David Owen’s piece The Dime Store Floor is a bit of nasal nostalgia. The sense of smell is a vivid memory evoker. A couple of summers ago I walked into a lumber yard’s warehouse and had a sensory hit so vivid that for a moment I was 8 years old in my great-grandfather’s woodshop/garage next door to the house where I grew up. Something about the old wood and sawdust and heat. The force of that memory surprised me. Owen’s piece is like that too.
I rarely have time to read these days, but when I do I read The New Yorker magazine. It’s the public radio of magazines: eclectic, in-depth, personal, funny, thoughtful. The average length of the pieces and the editorial tone gives writers the freedom to stretch out and find a rhetorical stride that is smart, engaging and wide-ranging.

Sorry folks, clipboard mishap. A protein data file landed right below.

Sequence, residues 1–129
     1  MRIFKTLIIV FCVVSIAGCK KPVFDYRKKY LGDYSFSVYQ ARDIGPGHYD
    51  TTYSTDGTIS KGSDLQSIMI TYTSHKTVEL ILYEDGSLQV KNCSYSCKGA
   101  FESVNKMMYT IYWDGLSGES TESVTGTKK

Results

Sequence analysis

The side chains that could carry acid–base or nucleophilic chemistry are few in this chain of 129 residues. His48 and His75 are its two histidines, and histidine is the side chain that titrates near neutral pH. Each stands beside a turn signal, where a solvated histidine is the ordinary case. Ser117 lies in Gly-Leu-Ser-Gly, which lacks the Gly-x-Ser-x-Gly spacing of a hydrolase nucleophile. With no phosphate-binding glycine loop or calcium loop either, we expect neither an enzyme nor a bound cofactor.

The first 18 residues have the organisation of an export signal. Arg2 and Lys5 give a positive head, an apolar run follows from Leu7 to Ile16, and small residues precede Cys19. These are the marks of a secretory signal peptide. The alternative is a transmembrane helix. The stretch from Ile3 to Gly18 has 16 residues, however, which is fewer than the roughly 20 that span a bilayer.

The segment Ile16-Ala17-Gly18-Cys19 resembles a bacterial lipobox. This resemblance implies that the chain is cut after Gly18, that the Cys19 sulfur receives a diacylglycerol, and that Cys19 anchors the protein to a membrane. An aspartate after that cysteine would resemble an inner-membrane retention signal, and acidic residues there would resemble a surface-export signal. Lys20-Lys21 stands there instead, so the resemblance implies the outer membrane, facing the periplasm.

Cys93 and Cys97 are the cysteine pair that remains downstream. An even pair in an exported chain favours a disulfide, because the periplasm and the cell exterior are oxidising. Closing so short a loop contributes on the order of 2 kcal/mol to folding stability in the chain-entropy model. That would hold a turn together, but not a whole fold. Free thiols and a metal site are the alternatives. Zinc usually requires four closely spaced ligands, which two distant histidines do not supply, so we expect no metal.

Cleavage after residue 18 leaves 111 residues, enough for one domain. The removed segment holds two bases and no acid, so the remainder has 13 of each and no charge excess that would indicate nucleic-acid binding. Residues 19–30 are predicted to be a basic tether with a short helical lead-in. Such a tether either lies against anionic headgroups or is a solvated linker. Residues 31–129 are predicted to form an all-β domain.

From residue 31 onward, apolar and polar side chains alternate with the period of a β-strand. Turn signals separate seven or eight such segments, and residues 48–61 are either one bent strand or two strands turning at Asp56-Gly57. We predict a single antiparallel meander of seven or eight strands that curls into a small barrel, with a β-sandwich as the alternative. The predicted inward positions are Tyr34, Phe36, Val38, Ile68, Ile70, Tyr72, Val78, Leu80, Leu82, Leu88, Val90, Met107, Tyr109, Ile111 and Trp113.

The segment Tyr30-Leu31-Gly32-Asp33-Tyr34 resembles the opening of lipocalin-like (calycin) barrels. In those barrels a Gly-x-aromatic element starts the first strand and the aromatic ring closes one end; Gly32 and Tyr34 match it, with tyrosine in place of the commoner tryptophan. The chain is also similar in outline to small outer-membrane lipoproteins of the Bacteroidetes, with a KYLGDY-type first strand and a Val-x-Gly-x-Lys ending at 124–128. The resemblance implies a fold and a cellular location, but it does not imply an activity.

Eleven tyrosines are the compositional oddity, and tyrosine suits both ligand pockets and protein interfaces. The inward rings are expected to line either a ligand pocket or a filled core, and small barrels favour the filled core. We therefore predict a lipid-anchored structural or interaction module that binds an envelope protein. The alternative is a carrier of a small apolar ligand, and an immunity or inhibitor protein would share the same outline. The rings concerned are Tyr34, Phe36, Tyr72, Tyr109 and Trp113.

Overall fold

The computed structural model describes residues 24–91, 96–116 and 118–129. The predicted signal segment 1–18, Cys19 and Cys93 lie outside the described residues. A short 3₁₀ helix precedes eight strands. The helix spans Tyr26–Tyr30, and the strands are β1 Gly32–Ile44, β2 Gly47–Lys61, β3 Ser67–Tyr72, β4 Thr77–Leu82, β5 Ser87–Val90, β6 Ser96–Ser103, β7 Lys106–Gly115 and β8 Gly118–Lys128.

Ok, enough plaudits.
I’m starting this new category to take note of pieces I want to remember later.
E. O. Wilson’s fiction piece in the New Yorker reads like a National Geographic article, not the kind of fiction I expect from the New Yorker. But then, that makes it the kind of thing I expect to read in the New Yorker, which is a wide-ranging publication. I liked the piece.